It took some time, but the Big S has finally put its hat in the extended-coverage ring–literally. I wondered how the Specialized Ambush would stack up against lids from brands like Poc, Troy Lee Designs, Bell and Giro–you know, companies who’s primary business is helmets.

It’s amazing just how right Specialized got this one. The company has a knack for hitting its equipment out of the park, but I didn’t expect it to be this good–every detail about the Ambush has been given painstaking attention, making it simply disappear on my head. This can be chalked up to the helmet’s svelte build and low weight: A size small comes in at 300 grams on the dot. If you’re a normal person and lack perspective on helmet weights, that’s really, really light for a helmet with this much surface area.

Inside the in-molded EPS foam, Specialized uses an aramid skeleton. If that word sounds familiar, that’s because it’s the same stuff used in the bead of foldable tires (and bulletproof vests). You might know it as one of its trade names, Kevlar or Nomex. Anyway, it’s super strong, light, and since it’s basically a rope, can be easily formed and then glued into any shape. According to Specialized, the aramid skeleton is what makes the extensive shaping and massive cutouts in the foam of the Ambush possible–which is part of why it’s such a great helmet.

Specialized Ambush

The straps are connected directly to the helmet in front of and behind the ears, and the web splitters below the ears make setup and adjustment as simple as can be.

I have either a shallow head or high ears, so for me, most helmets with added coverage don’t get along very well with sunglasses. Even on some of the most popular, highest-end “enduro” helmets, I’ve had to melt my own cutouts in the foam with a soldering iron for the temples of sunglasses to clear. It’s not exactly something you really want to be doing with an expensive new helmet. Some lucky, low-eared folks never have this problem, but I’m definitely not alone in this. If you’re as frustrated as I am with expensive helmets not working with eyewear, you should definitely check out the Ambush. The foam is tapered near the temples and the 360-degree retention device creates room between your head and the helmet, sort of like a hardhat.

Specialized Ambush

Massive exhaust ports, including cutouts and venting all-around, and cradle-like retention make the Ambush one of the coolest-running helmets I’ve worn

The $180 Ambush has the best retention system Specialized has ever made. Coverage on the back of the helmet comes especially low–so low that Specialized needed to build the retention device directly into the back of helmet. Basically, the Ambush extends over where the retention system on most other helmets sits, which is typically below the back of the helmet. Since the helmet takes up this real estate, the retention has to be done between the helmet and head–it has to be super thin. So, rather than making a bulky part in the back, the retention has been extended around the whole circumference of the helmet. Thin plastic cords run around the helmet, through guides on the sides and front, and when the knob is clicked, the cradle-like system tightens evenly around the head. Not only is it comfortable, but it lifts the helmet off the front and sides of the head a bit allowing excellent ventilation and sunglass clearance.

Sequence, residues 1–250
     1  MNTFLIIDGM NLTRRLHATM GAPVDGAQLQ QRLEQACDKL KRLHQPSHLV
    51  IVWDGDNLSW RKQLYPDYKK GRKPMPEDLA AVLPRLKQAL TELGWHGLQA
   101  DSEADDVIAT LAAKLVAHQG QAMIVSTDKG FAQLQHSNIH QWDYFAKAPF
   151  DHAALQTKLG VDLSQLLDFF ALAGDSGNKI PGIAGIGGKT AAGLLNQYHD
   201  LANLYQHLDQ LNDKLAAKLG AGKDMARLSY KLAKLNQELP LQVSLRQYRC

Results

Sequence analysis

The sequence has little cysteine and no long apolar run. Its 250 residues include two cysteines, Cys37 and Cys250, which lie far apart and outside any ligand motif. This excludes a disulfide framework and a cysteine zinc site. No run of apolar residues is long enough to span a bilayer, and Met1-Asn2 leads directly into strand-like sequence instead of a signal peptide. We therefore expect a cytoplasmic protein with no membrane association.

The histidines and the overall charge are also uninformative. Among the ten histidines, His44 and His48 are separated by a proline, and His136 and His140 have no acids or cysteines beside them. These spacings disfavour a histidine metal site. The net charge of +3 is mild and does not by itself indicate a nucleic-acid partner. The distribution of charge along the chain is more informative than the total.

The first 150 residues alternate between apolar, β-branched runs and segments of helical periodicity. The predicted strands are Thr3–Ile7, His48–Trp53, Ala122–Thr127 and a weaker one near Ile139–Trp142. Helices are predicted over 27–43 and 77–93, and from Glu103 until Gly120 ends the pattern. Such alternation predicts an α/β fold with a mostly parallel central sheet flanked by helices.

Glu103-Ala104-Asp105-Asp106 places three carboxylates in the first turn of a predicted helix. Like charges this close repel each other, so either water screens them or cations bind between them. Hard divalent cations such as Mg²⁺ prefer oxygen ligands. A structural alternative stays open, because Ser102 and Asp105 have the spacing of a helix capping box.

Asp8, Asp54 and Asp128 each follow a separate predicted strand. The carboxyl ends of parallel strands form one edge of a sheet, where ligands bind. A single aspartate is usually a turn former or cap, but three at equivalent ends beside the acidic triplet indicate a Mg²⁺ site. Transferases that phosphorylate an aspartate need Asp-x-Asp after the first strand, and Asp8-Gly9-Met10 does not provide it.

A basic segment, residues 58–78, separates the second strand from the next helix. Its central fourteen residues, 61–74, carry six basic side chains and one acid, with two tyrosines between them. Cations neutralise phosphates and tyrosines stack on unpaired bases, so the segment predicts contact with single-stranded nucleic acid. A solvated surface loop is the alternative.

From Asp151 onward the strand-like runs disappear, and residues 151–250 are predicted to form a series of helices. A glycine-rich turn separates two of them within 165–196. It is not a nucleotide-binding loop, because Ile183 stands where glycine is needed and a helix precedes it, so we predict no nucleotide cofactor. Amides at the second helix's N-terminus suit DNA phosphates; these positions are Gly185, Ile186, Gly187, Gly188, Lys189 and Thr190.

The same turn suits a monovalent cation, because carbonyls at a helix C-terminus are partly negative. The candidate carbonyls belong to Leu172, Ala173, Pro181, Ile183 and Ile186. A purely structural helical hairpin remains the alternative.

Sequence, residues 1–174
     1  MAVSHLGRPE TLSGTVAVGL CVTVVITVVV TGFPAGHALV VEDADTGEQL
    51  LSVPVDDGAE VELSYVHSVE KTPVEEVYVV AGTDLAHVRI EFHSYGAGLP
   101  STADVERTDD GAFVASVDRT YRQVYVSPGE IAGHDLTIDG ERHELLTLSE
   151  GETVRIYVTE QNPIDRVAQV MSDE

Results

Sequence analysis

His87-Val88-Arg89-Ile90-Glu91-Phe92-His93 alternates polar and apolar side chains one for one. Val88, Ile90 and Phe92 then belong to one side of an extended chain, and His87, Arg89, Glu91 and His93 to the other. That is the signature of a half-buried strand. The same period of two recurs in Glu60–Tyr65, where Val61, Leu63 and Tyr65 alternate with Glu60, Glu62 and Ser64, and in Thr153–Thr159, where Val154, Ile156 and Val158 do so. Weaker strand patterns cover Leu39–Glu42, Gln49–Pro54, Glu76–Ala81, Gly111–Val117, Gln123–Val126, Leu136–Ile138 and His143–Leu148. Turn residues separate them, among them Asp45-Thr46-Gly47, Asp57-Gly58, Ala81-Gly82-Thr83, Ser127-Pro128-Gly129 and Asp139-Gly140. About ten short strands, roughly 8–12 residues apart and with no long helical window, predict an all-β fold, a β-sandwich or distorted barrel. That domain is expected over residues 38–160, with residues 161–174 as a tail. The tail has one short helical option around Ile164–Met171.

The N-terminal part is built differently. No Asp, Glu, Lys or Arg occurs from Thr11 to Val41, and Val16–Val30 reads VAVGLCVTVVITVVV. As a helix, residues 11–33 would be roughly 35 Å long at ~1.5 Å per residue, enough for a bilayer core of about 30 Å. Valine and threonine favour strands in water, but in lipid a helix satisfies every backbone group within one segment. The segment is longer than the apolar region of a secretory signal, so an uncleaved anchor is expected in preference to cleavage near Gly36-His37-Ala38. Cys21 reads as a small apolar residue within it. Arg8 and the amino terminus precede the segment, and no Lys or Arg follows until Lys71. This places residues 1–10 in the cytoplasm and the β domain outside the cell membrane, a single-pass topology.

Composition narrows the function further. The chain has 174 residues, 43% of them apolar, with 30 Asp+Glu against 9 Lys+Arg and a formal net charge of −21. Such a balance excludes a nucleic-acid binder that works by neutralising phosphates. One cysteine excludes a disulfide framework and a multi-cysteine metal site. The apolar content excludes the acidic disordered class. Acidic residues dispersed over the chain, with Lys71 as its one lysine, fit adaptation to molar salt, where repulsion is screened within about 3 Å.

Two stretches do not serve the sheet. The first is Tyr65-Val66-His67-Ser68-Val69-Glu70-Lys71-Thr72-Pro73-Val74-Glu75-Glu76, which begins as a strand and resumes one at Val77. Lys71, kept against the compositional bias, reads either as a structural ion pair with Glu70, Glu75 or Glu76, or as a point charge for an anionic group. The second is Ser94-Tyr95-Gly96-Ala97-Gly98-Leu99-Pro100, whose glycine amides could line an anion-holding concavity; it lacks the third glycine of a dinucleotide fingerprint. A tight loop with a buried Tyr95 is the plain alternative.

Specialized Ambush

Retention is thin and light, but the 360-degree contact makes it supremely secure. The dial has nice, defined clicks, and is large enough to easily find when wearing thick gloves.

Next up is the strap. Specialized has these Y-shaped things they call Tri-Fix web splitters that sit below the ear. These little pieces of magic do a few things: They spread the two upper lengths of webbing apart to make a wider U-shape (as apposed to a V) around the ears, hopefully negating the need for adjustment in the area. They also make it possible for there to be just one piece of webbing under the chin. With most helmets, the two pieces of webbing from in front and behind the ear, come together and run doubled up under the chin. It’s amazing how much more comfortable one thin strand of webbing is, and it’s easier to adjust, too. We all know how much of a pain it is trying to adjust a traditional helmet buckle. The strap on the Ambush is comfortable, and easily adjustable with one hand, while riding. And since the webbing is made of a thin material, there’s less stuff to soak with sweat. Specialized says that there are some folks the Tri-Fix system doesn’t work for due to its lack of adjustment for ear clearance, but I have yet to meet that person.

Specialized Ambush

The Ambush’s visor is attached much like one on a typical downhill helmet, with screws on either side that allow it to pivot up and down. The center of the visor runs through a notched channel to provide well-defined micro clicks. It’s easy to adjust the angle without tools, while riding, and there’s enough range of motion for goggles to rest under the lifted visor after your face gets too hot from going full enduro. Just don’t forget to put the visor back down at the start gate, or you’ll never make the cover of Bike.

Specialized Ambush

After a couple months of testing, I can confidently say that the Ambush is by far the best helmet I’ve used–I actually knew after the first ten minutes. It is simple and easy to fit, and is crazy comfortable for my noggin, it fits all the sunglasses and goggles I’ve tried it with, and somehow manages to keep sweat from dripping into them, and it ventilates incredibly well. All this adds up to headache-free helmet–literally and figuratively–that lets my protected brain focus on the trail.

MSRP: $180

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